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Department of Kidney Transplant

Myths and Facts About Kidney Transplantation

Posted On: Dec 23, 2019

blogs read 2 Min Read

Kidney Transplantation is the best solution for any serious complications of the kidneys. Yet, in our country, there is a gross mismatch between the demand and availability of healthy kidneys. This is partly due to several misconceptions and a general lack of awareness regarding this life-saving treatment. Let’s clear some of the most common misconceptions and replace them with proven facts:

Myth 1: A kidney donor will have to rely on medications for the rest of their life due to long-standing health problems.
Fact: A donor will have to take medication only for a certain period of time post-surgery to help with the recovery. All donors are subjected to a thorough medical assessment and careful follow-ups.

Myth 2: After kidney donation, a male loses the ability to support a family.
Fact: Donating a kidney does not affect the productivity of a person.

Myth 3: A donor will be on bed rest post-surgery.
Fact: A donor will be able to walk independently before getting discharged from the hospital.

Myth 4: A donor’s sex life will be adversely affected after the surgery.
Fact: There is no correlation between kidney donation and the sex life of an individual.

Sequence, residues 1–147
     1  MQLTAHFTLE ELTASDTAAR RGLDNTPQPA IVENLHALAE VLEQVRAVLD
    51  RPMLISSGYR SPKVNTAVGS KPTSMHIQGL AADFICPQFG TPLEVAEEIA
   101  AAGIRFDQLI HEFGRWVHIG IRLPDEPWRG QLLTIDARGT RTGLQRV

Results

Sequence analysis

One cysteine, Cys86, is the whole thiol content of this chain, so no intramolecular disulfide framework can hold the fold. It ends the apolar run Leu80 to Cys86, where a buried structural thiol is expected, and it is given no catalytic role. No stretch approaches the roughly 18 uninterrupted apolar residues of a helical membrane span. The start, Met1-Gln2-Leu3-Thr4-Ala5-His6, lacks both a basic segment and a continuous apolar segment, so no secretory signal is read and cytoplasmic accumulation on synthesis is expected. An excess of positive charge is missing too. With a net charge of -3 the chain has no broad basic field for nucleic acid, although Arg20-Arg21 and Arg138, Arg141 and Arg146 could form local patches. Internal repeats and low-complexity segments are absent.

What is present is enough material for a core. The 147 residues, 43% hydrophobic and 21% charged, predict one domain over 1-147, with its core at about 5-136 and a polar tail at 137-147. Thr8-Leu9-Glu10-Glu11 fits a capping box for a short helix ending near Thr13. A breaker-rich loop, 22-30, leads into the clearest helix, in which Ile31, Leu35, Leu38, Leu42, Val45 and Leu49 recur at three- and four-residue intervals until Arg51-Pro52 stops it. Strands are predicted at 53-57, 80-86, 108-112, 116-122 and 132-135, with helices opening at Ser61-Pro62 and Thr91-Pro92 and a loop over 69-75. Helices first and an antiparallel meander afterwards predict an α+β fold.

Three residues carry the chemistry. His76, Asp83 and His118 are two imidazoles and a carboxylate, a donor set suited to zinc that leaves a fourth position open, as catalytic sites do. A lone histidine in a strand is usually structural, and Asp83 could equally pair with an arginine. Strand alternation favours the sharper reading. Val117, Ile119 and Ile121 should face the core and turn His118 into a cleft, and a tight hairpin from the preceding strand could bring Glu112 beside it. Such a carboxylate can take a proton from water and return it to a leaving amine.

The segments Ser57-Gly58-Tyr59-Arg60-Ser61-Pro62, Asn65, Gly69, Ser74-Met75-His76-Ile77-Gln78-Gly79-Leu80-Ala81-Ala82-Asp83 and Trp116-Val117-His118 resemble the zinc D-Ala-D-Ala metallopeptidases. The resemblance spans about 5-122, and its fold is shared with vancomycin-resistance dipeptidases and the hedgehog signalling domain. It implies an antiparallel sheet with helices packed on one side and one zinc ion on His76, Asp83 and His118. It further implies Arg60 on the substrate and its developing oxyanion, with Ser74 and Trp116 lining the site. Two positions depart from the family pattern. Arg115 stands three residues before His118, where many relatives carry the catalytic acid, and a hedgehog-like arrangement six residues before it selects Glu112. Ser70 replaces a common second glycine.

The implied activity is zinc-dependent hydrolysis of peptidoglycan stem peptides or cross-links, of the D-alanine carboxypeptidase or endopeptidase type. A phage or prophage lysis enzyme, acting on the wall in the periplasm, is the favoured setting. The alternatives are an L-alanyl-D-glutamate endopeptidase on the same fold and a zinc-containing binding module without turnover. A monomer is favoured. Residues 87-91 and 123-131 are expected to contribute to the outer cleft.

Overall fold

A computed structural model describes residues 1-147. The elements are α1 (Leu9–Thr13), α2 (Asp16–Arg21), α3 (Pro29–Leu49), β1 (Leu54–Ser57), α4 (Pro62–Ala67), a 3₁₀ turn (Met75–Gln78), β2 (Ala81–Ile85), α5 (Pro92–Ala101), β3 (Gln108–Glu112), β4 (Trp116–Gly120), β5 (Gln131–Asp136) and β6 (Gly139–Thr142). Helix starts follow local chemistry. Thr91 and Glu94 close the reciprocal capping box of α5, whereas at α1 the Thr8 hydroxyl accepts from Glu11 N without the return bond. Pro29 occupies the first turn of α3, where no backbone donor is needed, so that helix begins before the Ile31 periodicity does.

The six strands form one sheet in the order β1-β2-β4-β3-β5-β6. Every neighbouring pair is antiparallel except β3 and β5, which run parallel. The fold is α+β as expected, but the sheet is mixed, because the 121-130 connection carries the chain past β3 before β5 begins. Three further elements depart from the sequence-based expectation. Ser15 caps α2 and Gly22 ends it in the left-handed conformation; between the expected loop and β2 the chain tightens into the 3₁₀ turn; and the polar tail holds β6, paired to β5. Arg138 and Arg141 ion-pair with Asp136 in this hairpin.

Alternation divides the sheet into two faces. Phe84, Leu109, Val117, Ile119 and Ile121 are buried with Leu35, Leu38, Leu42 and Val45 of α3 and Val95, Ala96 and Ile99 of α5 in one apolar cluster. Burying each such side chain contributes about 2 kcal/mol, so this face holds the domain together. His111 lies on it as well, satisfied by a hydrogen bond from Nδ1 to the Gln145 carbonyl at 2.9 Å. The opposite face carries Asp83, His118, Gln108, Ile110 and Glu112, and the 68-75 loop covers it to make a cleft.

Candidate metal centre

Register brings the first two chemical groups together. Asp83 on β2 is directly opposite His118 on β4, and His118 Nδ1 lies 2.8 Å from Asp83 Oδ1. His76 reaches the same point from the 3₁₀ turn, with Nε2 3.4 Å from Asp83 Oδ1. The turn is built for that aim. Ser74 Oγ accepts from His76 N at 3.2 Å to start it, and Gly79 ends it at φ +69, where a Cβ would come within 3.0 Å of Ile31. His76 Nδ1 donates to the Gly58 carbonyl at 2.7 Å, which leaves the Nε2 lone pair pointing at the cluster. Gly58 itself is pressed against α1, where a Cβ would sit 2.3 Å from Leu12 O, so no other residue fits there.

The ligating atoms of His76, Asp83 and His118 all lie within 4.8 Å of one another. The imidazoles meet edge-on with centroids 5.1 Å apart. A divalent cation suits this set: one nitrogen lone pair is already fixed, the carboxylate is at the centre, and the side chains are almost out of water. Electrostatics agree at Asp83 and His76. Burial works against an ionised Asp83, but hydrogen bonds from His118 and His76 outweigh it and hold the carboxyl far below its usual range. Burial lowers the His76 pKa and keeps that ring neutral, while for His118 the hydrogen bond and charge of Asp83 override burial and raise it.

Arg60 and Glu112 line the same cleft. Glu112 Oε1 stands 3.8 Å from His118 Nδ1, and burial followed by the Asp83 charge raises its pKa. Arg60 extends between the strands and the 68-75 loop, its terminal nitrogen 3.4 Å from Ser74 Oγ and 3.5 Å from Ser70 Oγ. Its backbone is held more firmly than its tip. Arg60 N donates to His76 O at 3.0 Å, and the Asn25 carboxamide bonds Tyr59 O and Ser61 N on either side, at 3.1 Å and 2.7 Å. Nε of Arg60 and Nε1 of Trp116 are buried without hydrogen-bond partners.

Myth 5: A female donor cannot get pregnant after donating.
Fact: Provided the person waits for 3-6 months after donating to give time to the body for recovery, she can get pregnant.

Myth 6: A donor will be subjected to dietary restrictions.
There are no special restrictions and the common principle of a healthy, balanced diet is applicable to the donor too.

Myth 7: A kidney donor cannot participate in outdoor activities.
Fact: The donor can resume his normal sporting and exercise activities about 4-6 weeks following the surgery.

Myth 8: Aged people cannot donate kidneys.
Fact: Any adult over the age of 18 can be a donor and there are no age restrictions provided they are in good health and satisfy the medical requirements.

Myth 9: Kidney donors are more likely to get kidney diseases.
Fact: This is only partially true. While they are more susceptible to diseases compared to healthy non-donors, they are less likely than the general population to get such diseases.

Myth 10: People who have tattoos cannot donate kidneys.
Fact: People can donate even if they are tattoos. But, potential donors should avoid getting tattoos to prevent the spread of infection.

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